- Home Visiting Service – takes referrals from local GP practices for patients in the community who require a home visit. The service can provide a faster response than the patients GP practice. For the period Jan to Dec 2020 the service undertook 2486 home visits to patients. This equates to a saving of 2804 hours of GP time for the same time period. This equates to a financial saving to Practices of £228,526.
- Extended Access – provides routine primary care services at the weekends and Friday evening. This service has increased the routine GP appointment capacity in Thanet. See activity data in the following section.
3) What has changed, what specific outcomes and benefits have been realised as a result of the above actions?
Patients have improved access to the care that they need. See Sec 50 for activity data.
We expect, in the future, to be able to quantify the impact that this increase in capacity has had on the rest of the health and social care system. However, this is currently extremely difficult to measure given the impact of the Covid 19 pandemic on all services. What we know with certainty is that without these services
- There would be less routine GP appointment capacity in the local primary care system. For example, during 2020/21 the Extended Access service provided by THCIC provided 26.500 additional routine GMS appointments for local patients.
- There would be longer waits in the Emergency Department (ED) as the patients who are seen in the UTC would be seen in the ED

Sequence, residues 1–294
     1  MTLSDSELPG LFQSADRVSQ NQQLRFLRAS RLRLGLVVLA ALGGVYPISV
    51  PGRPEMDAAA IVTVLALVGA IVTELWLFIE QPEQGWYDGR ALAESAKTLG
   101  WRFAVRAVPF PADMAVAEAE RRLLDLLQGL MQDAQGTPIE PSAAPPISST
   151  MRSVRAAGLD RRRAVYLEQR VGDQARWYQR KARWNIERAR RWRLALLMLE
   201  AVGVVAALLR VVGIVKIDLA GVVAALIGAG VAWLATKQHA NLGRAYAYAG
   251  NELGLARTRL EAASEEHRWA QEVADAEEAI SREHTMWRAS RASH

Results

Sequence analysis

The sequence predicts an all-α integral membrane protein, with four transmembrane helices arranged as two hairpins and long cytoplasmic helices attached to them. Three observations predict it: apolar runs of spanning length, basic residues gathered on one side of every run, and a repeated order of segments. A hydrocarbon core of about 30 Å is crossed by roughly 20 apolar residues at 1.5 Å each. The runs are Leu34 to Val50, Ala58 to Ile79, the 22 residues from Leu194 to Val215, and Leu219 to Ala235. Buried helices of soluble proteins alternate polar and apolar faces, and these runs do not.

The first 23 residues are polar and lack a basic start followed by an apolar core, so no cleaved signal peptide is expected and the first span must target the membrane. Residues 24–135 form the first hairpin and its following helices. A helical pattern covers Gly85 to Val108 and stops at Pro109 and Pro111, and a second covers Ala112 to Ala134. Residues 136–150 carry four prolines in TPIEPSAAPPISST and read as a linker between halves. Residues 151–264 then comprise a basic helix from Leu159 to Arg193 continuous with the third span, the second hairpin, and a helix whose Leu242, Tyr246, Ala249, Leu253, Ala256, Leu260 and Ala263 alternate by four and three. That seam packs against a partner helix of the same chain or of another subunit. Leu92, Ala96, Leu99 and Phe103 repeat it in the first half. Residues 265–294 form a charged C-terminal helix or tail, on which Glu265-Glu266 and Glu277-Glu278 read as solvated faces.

- Patients who are unable to attend their GP surgery for an appointment would wait longer, and there would be increased pressure on GP practices who are already struggling to meet demand due to the high numbers of patients per GP in Thanet
- Longer waits for urgent care
- Longer waits for routine primary care
- Unnecessary admission to hospital
- Delayed discharge from hospital
- Patients being cared for in an inappropriate setting e.g. A&E
- Patients not receiving care if they decide not to access alternative services due to long waiting timesAnecdotally our expectation is that there are a cohort of patients who in the absence of these services would have experienced one of the following outcomes:
As these services become embedded in the local health and social care system we will work in partnership with other local providers and commissioners to audit and analyse the impact of these services on the local system. Currently this is challenging because of the impact of the Covid pandemic on local services.